In the literature, it has been demonstrated that rFVIIa is an alternative treatment for bleeding and surgical support with less adverse effect1-4. The first reported use of rFVIIa occurred in 1988 in a hemophilia patient. In a retrospective surgical case series reported by O'Connell et al.6, a wide range of 15-180 mg.kg-1 rFVIIa is used for massive bleeding. In 1996, Tengborn and Petruson first reported the successful use of rFVIIa for treating severe epistaxis in a 2-year-old boy with GT who had not responded to conservative treatment7. After this report, rFVIIa was used by other investigators for bleeding episodes or surgery in patients with GT with or without alloantibodies to platelet Gp IIb/IIIa complex or HLA1,3,4,8,9. We also used rFVIIa for treating this pediatric GT patient under adenoidectomy surgery for the first time in the literature. In a large international survey, rFVIIa treatment was found to be effective in 94% of evaluable surgical procedures and in 75% of evaluable bleeding episodes2. It is also recommended that treatment should be administered as early as possible: in the report of Almeida et al.5 good or excellent responses were observed in 71% of bleeds treated within 12 hours of onset, but in only 18% of bleeds treated after 12 hours.

The optimal dose and interval have not yet been determined for rFVIIa use in GT patients. The reported treatment protocols are quite heterogeneous with respect to doses, duration and modalities of administration and associated treatments9. At present, the relationship between the doses of rFVIIa, the thrombin burst crucial for stable clot formation, and the actual measurable blood FVII levels are still unknown. Even though the minimum rFVIIa level that is necessary to maintain hemostasis is unknown, the standard recommended dose is 90 µg.kg-1 (range 80-120 µg) at intervals of two hours (at least 3 doses)10. However, use of low doses such as 67 µg.kg-1 was reported in a review related with the intraoperative use of recombinant activated factor VII11. In a report of rFVIIa use in trauma patients, doses of 60-100 µg/kg were used12.

In a study done by Almeida et al.5, a single dose of 100 µg.kg-1 was given in bleeding episodes of two children with GT, and because of an excellent response, they required no maintenance dose5. We also achieved to maintain the adequate homeostasis with early use of a single low-dose rFVIIa such as 60 µg.kg-1 additional to preoperative platelet transfusion in our GT patient. Use of rFVIIa in a single dose of 70 µg.kg-1 in the treatment of uncontrolled postsurgical hemorrhage in a patient with deep venous thrombosis was also found effective13. Moreover, in total hepatectomy case with a life threatening bleeding unresponsive to platelet transfusion, single bolus dose of 90 µg.kg-1 rFVIIa was successfully used14. Several analyses have suggested that early treatment with rFVIIa is particularly beneficial, resulting in improved success rates with lower doses5,15.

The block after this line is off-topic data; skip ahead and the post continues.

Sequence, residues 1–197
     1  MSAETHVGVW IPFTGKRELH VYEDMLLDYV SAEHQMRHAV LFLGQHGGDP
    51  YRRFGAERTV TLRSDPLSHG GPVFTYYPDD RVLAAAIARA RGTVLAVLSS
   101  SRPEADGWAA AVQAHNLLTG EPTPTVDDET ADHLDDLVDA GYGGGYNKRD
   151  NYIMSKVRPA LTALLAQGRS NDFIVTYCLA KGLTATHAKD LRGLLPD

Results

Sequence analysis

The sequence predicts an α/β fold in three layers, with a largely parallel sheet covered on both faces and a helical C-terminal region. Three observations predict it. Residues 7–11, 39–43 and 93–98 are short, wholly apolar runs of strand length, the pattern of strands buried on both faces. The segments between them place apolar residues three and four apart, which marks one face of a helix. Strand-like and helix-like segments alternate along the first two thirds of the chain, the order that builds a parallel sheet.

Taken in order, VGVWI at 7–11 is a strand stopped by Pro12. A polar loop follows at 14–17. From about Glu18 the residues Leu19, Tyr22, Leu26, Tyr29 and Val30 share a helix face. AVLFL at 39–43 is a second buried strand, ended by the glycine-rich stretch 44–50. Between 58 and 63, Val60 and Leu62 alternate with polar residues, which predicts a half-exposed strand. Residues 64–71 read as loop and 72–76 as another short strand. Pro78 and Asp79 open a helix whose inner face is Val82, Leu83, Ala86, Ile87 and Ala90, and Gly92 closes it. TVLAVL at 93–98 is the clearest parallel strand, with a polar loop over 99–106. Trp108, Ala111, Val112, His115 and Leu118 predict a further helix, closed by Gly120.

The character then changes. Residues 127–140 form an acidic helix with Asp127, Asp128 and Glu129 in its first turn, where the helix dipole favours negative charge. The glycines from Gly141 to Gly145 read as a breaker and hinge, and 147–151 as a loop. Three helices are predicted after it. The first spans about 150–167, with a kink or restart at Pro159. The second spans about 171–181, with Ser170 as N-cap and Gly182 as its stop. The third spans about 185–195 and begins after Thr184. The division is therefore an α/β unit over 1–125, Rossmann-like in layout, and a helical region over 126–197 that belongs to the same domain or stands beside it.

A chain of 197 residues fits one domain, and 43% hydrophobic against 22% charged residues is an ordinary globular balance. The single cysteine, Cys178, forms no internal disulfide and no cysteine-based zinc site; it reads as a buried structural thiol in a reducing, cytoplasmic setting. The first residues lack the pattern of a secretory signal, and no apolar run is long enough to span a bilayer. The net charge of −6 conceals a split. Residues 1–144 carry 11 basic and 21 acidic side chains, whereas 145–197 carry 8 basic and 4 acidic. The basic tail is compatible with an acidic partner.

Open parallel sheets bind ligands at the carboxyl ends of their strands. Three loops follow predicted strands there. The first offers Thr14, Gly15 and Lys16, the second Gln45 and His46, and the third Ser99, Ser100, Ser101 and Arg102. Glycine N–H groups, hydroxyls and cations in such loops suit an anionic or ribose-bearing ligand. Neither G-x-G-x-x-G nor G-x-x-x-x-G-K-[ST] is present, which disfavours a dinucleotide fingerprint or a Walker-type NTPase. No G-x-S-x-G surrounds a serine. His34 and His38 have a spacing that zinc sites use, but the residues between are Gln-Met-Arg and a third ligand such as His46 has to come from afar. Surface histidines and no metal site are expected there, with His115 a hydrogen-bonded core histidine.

As mentioned by Poon et al.4 many of the bleeding episodes did not bleed again in the absence of maintenance doses. It is possible that in patients with normal plasma coagulation systems, once a primary platelet plug has formed to stop bleeding, a permanent clot is readily formed by the fibrin deposition and stabilization. However, maintenance doses may be needed for severe, posttraumatic and gastrointestinal bleeding.

In summary, although this unique case report is not enough to make a precise decision about the use of rFVIIa in GT patients while bleeding and it is hard to perform randomized clinical trials in a rare condition like GT, such case reports may encourage the use of early treatment with low doses of rFVIIa in severe bleeds that did not stop despite of platelet transfusion, and in preventing bleeding in surgical procedures in such patients. In addition, it may help to reduce exposure to the risks after repeated platelet infusions. Actually, additional studies are needed to define the minimal effective dose; therefore, attempts to determine the lowest effective dose of such an expensive compound may be encouraged by the result of this case in the presence of financial restrictions in the health care system.

 

REFERENCES